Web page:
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Opening to the outer world
Jun 20th 2017, by StapleButter
If you have followed melonDS from the beginning, you'd know that wifi was one of the goals. And well, it's getting there.
The first melonDS release, 0.1, already included some wifi code, but it was a very minimalistic stub. The point was merely to allow games to get past wifi initialization successfully. And it even failed at that due to a bug.
Chocolate waffles to you if you can locate the bug, by the way ;)
But well, at that stage, the focus wasn't much on wifi.
It was eventually fixed in 0.2, and some functionality was added, but it still didn't do much at all. Games finally got past wifi initialization, but that was about it.
It wasn't until 0.3 that some serious work was done. With the emulator core getting more robust, I could try going for the wifi quest again. Not that 0.3 went far at all -- it merely allowed players to see eachother, but it wasn't possible to actually connect. But it was something, and infrastructure for sending and receiving packets was in place and working, as well as a good chunk of the wifi hardware functionality.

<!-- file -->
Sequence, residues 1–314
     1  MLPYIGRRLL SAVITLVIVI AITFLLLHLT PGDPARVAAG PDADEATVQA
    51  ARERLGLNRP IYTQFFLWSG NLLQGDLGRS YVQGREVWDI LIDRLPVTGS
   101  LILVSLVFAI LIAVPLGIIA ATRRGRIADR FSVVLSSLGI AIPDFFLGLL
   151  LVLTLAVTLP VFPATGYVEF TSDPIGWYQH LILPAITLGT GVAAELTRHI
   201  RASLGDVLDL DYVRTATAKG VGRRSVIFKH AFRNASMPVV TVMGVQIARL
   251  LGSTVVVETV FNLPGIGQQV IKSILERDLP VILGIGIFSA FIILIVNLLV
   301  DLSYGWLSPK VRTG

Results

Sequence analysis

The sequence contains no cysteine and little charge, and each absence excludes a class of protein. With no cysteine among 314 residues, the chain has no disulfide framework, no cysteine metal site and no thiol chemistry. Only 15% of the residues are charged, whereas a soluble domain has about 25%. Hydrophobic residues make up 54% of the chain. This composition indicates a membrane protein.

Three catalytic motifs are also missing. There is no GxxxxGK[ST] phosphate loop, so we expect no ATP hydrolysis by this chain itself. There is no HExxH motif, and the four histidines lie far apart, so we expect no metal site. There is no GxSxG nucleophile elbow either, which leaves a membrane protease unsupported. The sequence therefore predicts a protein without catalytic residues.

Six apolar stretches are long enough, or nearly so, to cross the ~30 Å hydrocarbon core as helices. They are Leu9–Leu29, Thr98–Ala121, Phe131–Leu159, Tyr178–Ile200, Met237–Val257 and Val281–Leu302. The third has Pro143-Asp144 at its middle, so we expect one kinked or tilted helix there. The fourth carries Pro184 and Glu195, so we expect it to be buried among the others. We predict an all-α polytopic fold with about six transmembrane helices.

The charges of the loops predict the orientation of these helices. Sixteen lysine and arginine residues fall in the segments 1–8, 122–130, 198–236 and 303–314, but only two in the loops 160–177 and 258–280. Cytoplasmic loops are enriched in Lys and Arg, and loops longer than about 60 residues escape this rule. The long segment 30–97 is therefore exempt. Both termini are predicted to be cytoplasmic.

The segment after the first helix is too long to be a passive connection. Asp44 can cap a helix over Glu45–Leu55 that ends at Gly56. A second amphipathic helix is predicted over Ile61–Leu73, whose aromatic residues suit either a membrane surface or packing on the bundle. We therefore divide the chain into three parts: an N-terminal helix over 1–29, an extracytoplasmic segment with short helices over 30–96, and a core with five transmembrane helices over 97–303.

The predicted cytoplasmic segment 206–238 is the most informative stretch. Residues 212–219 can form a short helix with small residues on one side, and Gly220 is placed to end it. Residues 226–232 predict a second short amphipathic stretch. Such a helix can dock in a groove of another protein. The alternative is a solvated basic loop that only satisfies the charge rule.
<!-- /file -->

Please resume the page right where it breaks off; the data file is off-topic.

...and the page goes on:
You may already know how it went back in the DeSmuME days. As far as local multiplayer was concerned, I kept hitting a wall. Couldn't get it working, no matter how hard I tried. WFC is a separate issue.
It didn't help drive motivation knowing that my work was doomed to stay locked behind a permanent EXPERIMENTAL_WIFI wall, requiring a custom wifi-enabled build, and that the DeSmuME team's public attitude is to sweep wifi under the carpet and pretend it doesn't exist, but the main issue was the lack of documentation as far as local multiplayer is concerned.
The DS wifi hardware isn't a simple, standard transceiver. It is a custom, proprietary wifi system made by Nintendo for their purposes. It has special features to assist local multiplay communication at a fast rate.
GBAtek documents the more regular wifi features well enough to get things like WFC working, but the specific multiplay features weren't well known until now. Many packet captures have been made, several multiplay protocols like Pictochat and download play have been reverse-engineered, but details on hardware operation were at a loss. The hardware operates in a very specific way during multiplay, and there's some real clever design there.